Jul 18, 2019

Illinois Village Provides Water Filters Following Lead Concerns

An Illinois village will provide $30,000 in water filters while replacing lead service lines

An Illinois village will provide $30,000 in water filters while replacing lead service lines

Oak Park, Ill. announced plans to provide $30,000 in water filters following village concerns that a water main replacement project may increase lead exposure in drinking water. 

According to the Chicago Tribune, residents are concerned a water main replacement project could release lead particles into the village’s water lines. In response, the village has said it will provide water filters to those affected. 

The village board approved the purchase of the filters July 8. According to the Chicago Tribune, the board’s goal is to create a new program for coping with the impact future water main projects may have on residents. 

Officials said 17 properties in total will be affected from the 191 residential units in the area. According to the Chicago Tribune, the lead exposure is particularly a health risk for children and pregnant women. 

“Young children are particularly vulnerable to the toxic effects of lead and can suffer profound and permanent adverse health effects, particularly affecting the development of the brain and nervous system. Lead also causes long-term harm in adults, including increased risk of high blood pressure and kidney damage," the World Health Organization’s website states, according to the Chicago Tribune.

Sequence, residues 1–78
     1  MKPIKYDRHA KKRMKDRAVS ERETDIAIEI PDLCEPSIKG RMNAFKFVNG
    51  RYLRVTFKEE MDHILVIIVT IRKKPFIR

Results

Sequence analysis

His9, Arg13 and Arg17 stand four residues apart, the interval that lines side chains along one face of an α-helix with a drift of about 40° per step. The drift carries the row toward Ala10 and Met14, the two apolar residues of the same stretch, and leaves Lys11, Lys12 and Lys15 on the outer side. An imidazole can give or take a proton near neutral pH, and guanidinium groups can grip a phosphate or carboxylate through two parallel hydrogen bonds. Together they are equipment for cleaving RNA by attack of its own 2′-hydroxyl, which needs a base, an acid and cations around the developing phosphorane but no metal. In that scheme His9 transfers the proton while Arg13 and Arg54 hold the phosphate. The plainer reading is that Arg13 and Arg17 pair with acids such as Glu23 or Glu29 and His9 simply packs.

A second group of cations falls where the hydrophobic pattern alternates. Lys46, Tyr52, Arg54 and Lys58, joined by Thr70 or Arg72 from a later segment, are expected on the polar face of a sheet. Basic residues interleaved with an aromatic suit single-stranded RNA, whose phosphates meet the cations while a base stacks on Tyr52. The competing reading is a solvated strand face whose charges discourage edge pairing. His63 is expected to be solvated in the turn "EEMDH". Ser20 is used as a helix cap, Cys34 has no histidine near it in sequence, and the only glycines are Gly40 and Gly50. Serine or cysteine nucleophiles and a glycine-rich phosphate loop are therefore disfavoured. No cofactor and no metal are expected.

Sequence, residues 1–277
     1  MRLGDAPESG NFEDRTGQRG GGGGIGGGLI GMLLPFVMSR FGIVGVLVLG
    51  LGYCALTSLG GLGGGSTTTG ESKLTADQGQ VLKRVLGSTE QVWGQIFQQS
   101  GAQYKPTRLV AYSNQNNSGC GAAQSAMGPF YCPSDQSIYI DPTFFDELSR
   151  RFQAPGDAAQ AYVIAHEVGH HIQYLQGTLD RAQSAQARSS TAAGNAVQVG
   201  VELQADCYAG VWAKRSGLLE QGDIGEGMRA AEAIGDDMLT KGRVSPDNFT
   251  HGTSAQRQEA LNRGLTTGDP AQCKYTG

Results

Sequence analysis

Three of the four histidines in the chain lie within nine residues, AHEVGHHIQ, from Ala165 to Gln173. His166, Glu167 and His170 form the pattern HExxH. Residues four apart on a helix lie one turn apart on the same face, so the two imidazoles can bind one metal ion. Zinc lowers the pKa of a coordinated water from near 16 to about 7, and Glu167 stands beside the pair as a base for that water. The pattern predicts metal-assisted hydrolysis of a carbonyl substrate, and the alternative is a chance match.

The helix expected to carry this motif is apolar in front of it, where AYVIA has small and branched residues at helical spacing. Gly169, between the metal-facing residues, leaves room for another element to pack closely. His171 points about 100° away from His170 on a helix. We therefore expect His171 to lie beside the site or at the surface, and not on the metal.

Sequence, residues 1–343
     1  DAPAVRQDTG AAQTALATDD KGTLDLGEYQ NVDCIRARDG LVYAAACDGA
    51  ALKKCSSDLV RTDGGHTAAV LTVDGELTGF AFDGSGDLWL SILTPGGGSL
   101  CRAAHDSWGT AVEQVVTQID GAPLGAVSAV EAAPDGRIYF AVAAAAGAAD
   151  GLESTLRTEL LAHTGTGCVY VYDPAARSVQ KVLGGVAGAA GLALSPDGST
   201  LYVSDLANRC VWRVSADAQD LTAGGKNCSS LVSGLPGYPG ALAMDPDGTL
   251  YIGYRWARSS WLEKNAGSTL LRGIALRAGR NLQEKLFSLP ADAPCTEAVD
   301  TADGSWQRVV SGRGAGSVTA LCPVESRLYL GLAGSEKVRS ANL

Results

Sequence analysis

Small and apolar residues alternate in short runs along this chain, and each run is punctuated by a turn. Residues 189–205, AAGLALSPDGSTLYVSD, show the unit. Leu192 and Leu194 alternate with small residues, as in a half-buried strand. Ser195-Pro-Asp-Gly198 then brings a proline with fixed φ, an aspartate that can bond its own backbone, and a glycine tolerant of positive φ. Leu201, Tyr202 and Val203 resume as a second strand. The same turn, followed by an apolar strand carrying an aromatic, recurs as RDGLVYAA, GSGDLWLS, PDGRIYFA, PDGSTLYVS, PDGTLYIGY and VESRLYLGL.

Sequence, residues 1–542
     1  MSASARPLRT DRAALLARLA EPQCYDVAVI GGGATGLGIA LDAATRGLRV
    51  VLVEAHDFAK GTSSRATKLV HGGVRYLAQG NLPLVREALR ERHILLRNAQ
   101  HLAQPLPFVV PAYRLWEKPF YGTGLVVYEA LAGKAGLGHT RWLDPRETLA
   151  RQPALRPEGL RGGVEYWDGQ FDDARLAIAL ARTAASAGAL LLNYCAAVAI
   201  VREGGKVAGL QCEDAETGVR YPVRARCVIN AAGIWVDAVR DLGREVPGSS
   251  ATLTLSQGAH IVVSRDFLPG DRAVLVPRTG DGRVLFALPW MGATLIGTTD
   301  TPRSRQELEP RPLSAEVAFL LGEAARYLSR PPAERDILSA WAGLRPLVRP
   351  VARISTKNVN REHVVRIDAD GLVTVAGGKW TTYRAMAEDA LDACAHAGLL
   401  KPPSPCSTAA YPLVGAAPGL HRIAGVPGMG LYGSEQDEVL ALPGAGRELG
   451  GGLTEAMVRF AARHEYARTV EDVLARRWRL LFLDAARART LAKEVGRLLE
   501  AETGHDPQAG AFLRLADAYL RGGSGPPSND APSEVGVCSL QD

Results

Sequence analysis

Those affected will receive letters informing them about the project and also some water safety tips and how to receive their filters and cartridges, village staff said.

“We believe that would cover the time period where you could see increased lead levels in drinking water,” said Cara Pavlicek, village manager, to the Chicago Tribune.

Staff said they have also studied a similar program in Evanston, Ill., where filters and pitchers were offered to residents.

After the project was approved last month, this led Oak Park staff to the water filter recommendation. Village Engineer Bill McKenna said the village will be replacing a cast iron pipe with a new cast iron pipe, but most of the residential hookups to the village line will be lead.

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